The online journal Victorian Network (Summer 2011) has published an essay by Jeremiah Mercurio (University of St. Andrews) on two unpublished drawings by Charles Ricketts. Part of a series of drawings dating from the early nineteen-twenties, they illustrate the Poems in Prose of Oscar Wilde. According to his letters to Gordon Bottomley, Ricketts first made sketches for an intended publication in the early eighteen-nineties. These were never used and were subsequently mislaid. In 1918 Ricketts found a batch of old sketches and drawings and in 1924 he executed eight new drawings 'in my old manner'.
Two of these are discussed by Jeremiah Mercurio in his essay 'Faithful Infidelity. Charles Ricketts' Illustrations for Two of Oscar Wilde's Poems in Prose'. He argues that while Ricketts's illustrations for 'The Disciple' and 'The House of Judgment' reproduce the meanings of the texts they represent, they also 'parody and elaborate on them'. This way, Ricketts was able to declare his 'independence as an illustrator' and 'his autonomy as a thinker'. Ricketts's 'illustrational strategies', according to Mercurio, are designed 'to disprove Wilde's description of visual art as limited compared to language'.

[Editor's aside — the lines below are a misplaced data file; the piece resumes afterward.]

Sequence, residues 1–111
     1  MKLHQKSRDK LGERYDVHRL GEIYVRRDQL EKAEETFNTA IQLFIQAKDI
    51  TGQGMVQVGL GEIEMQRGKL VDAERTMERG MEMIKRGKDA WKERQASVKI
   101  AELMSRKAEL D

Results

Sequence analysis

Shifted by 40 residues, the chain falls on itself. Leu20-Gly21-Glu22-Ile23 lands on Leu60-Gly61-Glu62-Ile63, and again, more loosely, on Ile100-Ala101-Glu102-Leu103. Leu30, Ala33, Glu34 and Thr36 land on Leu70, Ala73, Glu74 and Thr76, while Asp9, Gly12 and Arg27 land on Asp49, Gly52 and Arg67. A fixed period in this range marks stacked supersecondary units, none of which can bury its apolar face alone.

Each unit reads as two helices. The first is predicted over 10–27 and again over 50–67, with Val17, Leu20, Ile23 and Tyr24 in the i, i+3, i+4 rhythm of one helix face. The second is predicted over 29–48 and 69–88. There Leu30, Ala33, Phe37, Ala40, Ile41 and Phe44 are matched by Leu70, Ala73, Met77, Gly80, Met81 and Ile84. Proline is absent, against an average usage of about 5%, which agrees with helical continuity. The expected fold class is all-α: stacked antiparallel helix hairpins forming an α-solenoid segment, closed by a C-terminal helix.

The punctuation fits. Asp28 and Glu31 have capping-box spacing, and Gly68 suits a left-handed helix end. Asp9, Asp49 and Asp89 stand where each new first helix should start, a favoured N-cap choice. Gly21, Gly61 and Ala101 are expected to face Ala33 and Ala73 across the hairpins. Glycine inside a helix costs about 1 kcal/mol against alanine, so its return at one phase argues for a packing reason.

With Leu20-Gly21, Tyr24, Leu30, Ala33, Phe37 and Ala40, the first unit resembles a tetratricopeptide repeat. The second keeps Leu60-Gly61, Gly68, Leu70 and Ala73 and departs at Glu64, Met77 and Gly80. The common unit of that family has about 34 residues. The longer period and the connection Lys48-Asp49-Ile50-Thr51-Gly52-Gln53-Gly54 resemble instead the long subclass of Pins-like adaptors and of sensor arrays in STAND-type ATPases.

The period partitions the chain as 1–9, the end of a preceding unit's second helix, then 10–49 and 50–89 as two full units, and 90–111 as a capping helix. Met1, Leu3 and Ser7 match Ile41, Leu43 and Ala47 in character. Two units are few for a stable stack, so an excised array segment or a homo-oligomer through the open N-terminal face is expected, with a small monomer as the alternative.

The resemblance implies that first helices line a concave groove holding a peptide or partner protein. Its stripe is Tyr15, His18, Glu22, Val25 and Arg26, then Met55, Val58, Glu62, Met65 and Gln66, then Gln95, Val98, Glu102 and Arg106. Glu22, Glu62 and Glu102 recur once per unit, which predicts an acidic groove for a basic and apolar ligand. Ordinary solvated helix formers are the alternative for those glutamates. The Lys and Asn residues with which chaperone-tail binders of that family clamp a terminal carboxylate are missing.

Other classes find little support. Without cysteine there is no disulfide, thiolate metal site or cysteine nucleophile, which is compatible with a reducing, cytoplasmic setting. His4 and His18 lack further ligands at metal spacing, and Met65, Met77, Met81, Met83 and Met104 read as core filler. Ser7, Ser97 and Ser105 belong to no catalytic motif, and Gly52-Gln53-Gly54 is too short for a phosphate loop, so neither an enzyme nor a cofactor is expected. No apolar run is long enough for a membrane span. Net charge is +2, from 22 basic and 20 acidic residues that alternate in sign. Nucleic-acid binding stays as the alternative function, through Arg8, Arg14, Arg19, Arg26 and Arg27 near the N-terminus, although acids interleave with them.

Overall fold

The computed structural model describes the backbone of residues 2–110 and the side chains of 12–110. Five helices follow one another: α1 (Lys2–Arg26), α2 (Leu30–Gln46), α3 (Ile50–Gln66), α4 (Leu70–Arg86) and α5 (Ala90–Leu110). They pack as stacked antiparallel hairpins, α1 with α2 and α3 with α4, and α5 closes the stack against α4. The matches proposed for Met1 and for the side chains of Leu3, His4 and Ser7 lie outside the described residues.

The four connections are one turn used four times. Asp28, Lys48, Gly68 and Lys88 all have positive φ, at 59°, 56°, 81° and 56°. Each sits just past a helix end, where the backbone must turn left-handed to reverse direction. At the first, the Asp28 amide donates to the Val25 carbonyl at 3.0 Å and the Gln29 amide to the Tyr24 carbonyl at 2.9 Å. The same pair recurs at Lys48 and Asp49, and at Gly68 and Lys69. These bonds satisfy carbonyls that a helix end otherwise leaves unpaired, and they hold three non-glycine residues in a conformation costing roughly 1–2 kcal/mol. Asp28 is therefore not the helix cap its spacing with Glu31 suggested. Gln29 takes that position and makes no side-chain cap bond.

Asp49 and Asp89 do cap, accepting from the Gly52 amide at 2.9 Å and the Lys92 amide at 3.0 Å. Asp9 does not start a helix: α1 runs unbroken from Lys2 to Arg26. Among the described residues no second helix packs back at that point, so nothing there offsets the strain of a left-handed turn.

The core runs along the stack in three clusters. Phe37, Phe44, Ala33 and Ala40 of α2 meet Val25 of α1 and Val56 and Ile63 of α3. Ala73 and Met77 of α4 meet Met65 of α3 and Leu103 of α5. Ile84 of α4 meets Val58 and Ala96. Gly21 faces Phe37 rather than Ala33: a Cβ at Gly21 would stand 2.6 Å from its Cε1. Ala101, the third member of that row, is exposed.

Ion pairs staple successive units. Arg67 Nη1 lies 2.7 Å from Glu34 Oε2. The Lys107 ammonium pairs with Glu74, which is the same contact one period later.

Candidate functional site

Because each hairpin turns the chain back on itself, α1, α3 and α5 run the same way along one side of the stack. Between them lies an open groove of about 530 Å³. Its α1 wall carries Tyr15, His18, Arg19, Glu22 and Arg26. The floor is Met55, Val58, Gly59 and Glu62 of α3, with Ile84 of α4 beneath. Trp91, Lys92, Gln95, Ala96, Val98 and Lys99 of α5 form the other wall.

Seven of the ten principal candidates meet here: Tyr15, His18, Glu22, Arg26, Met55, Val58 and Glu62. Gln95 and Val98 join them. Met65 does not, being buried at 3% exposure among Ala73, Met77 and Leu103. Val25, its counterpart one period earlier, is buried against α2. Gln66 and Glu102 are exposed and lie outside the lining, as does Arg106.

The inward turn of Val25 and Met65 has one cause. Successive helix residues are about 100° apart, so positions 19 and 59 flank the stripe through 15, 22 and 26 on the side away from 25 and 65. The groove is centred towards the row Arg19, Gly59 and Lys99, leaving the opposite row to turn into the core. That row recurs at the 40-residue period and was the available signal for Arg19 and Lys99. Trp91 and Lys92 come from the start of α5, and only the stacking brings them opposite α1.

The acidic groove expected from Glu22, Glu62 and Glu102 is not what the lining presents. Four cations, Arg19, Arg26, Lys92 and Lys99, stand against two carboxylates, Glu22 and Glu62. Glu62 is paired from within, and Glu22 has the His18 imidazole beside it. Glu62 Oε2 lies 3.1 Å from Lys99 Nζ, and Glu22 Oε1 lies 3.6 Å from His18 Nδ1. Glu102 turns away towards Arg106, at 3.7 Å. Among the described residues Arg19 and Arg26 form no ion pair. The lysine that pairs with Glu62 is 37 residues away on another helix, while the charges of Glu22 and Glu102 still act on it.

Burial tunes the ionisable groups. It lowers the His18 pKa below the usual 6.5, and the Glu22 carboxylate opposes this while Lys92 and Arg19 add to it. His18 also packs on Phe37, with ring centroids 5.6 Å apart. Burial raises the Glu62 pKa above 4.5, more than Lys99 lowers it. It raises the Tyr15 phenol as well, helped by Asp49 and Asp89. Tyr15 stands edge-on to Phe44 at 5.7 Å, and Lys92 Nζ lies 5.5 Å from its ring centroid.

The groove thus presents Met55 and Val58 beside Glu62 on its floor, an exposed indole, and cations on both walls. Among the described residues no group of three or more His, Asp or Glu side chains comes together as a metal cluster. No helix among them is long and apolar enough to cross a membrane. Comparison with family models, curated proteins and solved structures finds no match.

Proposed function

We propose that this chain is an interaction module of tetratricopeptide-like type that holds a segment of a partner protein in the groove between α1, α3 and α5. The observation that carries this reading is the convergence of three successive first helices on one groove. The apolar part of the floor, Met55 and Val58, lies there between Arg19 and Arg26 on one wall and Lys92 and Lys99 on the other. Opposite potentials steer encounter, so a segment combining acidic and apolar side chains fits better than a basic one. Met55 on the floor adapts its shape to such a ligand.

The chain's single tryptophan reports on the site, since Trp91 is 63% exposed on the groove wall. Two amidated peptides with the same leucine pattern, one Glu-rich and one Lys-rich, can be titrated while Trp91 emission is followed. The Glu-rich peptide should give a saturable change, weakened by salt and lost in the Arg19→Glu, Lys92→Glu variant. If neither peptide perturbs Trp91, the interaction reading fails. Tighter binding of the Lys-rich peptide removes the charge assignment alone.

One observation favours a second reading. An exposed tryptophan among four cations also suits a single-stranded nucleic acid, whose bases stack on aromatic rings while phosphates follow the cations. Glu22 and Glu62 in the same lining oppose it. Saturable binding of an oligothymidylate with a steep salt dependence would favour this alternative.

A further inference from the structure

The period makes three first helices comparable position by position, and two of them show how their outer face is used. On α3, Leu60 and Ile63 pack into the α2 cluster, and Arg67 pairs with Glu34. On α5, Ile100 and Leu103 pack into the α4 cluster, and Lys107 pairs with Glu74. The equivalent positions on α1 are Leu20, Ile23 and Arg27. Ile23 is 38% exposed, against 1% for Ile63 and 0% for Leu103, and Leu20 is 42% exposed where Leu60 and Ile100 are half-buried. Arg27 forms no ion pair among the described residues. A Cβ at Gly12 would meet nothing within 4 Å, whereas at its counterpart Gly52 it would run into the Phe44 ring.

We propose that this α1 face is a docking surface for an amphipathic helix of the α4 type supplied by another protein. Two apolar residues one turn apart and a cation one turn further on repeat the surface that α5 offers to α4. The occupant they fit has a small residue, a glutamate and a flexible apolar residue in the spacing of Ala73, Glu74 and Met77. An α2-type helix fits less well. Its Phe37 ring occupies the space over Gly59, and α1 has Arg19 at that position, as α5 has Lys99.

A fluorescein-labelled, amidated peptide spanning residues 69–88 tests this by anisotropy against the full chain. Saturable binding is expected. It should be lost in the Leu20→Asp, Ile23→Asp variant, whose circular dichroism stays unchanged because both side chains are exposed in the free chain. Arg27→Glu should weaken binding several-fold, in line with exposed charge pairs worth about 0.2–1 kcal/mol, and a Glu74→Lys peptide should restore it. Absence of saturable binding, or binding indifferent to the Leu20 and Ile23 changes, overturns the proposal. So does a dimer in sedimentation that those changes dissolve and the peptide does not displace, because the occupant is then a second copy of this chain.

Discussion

The article in the Victorian Network also illustrates the two drawings, which are kept in the collection of the Tullie House Museum & Art Gallery, Carlisle.
The 'Poems in Prose' have been published in The Complete Works of Oscar Wilde. Volume I. Poems and Poems in Prose (Oxford, Oxford University Press, 2000).